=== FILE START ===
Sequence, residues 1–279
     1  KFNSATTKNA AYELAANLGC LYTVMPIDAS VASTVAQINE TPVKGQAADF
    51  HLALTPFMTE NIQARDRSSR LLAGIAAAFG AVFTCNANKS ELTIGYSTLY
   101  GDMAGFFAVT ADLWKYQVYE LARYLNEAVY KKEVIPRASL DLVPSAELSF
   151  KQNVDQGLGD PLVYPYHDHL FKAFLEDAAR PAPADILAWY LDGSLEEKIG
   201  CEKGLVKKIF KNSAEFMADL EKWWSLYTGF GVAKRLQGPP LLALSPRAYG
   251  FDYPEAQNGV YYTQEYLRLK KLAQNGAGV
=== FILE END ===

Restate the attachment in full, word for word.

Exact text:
Sequence, residues 1–279
     1  KFNSATTKNA AYELAANLGC LYTVMPIDAS VASTVAQINE TPVKGQAADF
    51  HLALTPFMTE NIQARDRSSR LLAGIAAAFG AVFTCNANKS ELTIGYSTLY
   101  GDMAGFFAVT ADLWKYQVYE LARYLNEAVY KKEVIPRASL DLVPSAELSF
   151  KQNVDQGLGD PLVYPYHDHL FKAFLEDAAR PAPADILAWY LDGSLEEKIG
   201  CEKGLVKKIF KNSAEFMADL EKWWSLYTGF GVAKRLQGPP LLALSPRAYG
   251  FDYPEAQNGV YYTQEYLRLK KLAQNGAGV